Examples of Patents

By Lee Grayson

President George Washington signed the first American patent granted to Samuel Hopkins in 1790 for a product used to manufacture fertilizer. The U.S. Patent and Trademark Office now recognizes more than six million patents. A legal patent protects the use of the invention by other Americans and residents of countries recognizing international patent laws.

Patent Process

The U.S. Patent and Trademark Office (USPTO), under direction of the Department of Commerce, registers patents for inventions and improvements on inventions. Common processes and general ideas cannot be patented. To register a patent, the inventor must submit a process, article, method, composition, plant or machine that is novel, has some utility or function and has a non-obvious quality to experts in the inventor's field. Inventors must obtain a patent within one year of the initial disclosure of the invention or others can freely use the invention without permission or payment to the inventor.

Design Patents

Most patents assigned by the USPTO come under the heading of design patents. Inventors need not show the invention has any utility when applying for a design patent. This patent category requires only that the object display unique visual characteristics and it must display the design features during use. The USPTO recognized 33 classifications of design patents as of 2012, including edible products, clothing and apparel, household furnishings, tools and hardware, and packages and containers for goods produced for manufacture or sale. Jewelry, photography and optical equipment, games, toys, sporting goods and cosmetics also qualify for design patents. Household items such as washing machines and dryers, lighting, and heating and cooling equipment come within the guidelines of this patent category, as do musical instruments and office supplies, teaching and art materials and fishing equipment.

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Plant Patents

Plant patents provide protection to gardeners, plant breeders and growers working to invent or discover cultivated plants, including plants "which are stable and reproduced by asexual reproduction." The patent process for plants requires the inventor to show stability of the plant, and he must take the time to create clones of the plant to demonstrate that the copy has the same characteristics as the original plant. Patent law protects seedlings, hybrids and mutant plants. Examples of plant patents include root cuttings, runners, tissue culture, some seeds, plant layering and plant division. Macro fungi and algae also qualify for this type of patent protection.

Utility Patents

Inventions that use a process or have unique composition of matter qualify for utility patents. Examples of process patents include a copy machine and an ingredient to speed concrete drying. Apparatuses and products also fall under this patent category. A well-known patent demonstrating an apparatus is the artificial heart valve. The microwave clothes dryer holds a utility patent since the microwaving process qualifies as a utility for the manner in which the machine dries clothes, as opposed to the exterior style and decoration of a clothes dryer that holds a design patent. Objects often hold more than one patent protection. Examples of other utility patents include the working components of cell phones, televisions and digital recorders.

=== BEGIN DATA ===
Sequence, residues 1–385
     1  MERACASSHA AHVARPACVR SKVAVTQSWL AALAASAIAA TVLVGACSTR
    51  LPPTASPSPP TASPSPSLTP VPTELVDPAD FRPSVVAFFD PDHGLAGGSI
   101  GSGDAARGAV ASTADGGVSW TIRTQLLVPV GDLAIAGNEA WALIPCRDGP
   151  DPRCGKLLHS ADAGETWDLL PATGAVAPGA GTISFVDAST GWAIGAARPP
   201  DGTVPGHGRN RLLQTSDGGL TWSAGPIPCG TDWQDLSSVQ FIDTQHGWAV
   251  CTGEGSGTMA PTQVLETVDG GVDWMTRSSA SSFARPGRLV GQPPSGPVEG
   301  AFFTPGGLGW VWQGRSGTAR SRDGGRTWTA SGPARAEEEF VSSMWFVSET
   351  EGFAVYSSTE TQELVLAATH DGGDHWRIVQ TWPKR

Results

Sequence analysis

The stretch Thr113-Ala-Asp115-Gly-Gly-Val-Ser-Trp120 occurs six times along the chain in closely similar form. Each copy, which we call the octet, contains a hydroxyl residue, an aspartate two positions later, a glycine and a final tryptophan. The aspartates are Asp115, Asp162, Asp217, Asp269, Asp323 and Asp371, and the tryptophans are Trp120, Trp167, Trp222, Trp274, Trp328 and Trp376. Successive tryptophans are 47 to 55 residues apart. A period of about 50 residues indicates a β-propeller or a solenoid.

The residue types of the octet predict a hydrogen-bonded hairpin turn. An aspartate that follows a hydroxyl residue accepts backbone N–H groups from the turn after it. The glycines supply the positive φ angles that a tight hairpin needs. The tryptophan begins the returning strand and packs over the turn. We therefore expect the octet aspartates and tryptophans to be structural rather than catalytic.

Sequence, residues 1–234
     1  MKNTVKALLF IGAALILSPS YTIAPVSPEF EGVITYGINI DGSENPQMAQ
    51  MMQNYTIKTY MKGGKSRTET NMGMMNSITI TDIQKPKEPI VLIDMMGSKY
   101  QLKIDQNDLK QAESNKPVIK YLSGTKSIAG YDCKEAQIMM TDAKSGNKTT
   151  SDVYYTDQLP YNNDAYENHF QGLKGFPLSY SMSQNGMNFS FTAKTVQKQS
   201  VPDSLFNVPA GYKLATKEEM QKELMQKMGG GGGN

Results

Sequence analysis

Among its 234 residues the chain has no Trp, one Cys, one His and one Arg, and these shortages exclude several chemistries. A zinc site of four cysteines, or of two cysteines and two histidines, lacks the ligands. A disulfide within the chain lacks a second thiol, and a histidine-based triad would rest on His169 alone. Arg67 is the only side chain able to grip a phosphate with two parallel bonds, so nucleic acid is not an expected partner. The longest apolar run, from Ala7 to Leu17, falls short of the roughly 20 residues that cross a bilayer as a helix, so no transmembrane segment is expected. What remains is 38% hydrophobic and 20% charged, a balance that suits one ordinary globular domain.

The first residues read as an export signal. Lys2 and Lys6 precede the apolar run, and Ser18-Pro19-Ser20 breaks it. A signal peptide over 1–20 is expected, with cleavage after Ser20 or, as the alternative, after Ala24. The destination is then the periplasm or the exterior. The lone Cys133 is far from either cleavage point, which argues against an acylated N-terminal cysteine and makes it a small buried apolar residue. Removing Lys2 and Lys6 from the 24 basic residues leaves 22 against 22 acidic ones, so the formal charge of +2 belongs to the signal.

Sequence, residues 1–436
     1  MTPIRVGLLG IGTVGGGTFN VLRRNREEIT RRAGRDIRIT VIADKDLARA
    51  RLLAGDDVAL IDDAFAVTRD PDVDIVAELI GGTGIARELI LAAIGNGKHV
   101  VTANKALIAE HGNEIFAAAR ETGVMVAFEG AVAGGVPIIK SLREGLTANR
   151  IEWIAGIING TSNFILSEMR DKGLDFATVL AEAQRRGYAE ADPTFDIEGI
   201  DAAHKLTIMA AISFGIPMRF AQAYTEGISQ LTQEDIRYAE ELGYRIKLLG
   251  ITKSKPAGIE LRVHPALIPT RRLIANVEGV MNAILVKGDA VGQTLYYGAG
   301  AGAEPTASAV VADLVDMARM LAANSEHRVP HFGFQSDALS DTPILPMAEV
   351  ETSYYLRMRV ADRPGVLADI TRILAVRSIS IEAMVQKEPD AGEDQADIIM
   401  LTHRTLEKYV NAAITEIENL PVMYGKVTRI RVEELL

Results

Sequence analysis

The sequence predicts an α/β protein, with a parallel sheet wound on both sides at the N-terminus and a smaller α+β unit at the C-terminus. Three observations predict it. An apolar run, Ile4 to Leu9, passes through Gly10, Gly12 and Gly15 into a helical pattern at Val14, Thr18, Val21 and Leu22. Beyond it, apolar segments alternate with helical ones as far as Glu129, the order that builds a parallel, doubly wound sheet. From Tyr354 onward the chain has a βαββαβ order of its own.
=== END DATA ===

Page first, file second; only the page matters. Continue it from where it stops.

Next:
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How to Cite a Patent Application

A patent is a type of intellectual property right granted by the U.S. government. Patents allow inventors to prevent other people from copying or using their invention without compensation. Each patent is given a unique number by the United States Patent and Trademark Office (USPTO). If you are a researcher, lawyer or journalist, it may be necessary for you to cite patents in your work. The exact method for citation that you use will depend on where you are citing the patent. Different methods are used for legal citations, scientific citations and journalism.

How to Apply for a Patent for a Recipe

Patenting a recipe can be a confusing process, if you don't understand the patent criteria for food compositions. A great recipe is only patentable under very narrow circumstances. The recipe must be useful, novel and non-obvious. This three-prong test means that the greatest recipe in the world is not patentable unless it involves a food formulation or application that has not been used before and cannot be intuited by a cook merely tasting the final product. The recipe must also be new and cannot be an old family recipe or something that was cooked for the public in the past, because an inventor has a limited window of time to patent an invention before it becomes available to the public domain.

How to Get a Play Copyrighted

A play qualifies for copyright protection, typically as a literary work and performing art. However, several broad copyright categories apply to plays, such as literary work, dramatic work, choreographed work, musical compositions, sound recordings, motion pictures, pictorial, graphic and sculptural work and even architectural work. The playwright automatically secures basic copyright in the script once it's fixed in a tangible form. These include paper manuscripts, electronic document files, recorded live performances and published short or full length plays. A playwright should also apply for federal copyright registration as soon as possible. This optional registration provides many benefits, including exclusive ownership and publication rights of a play.

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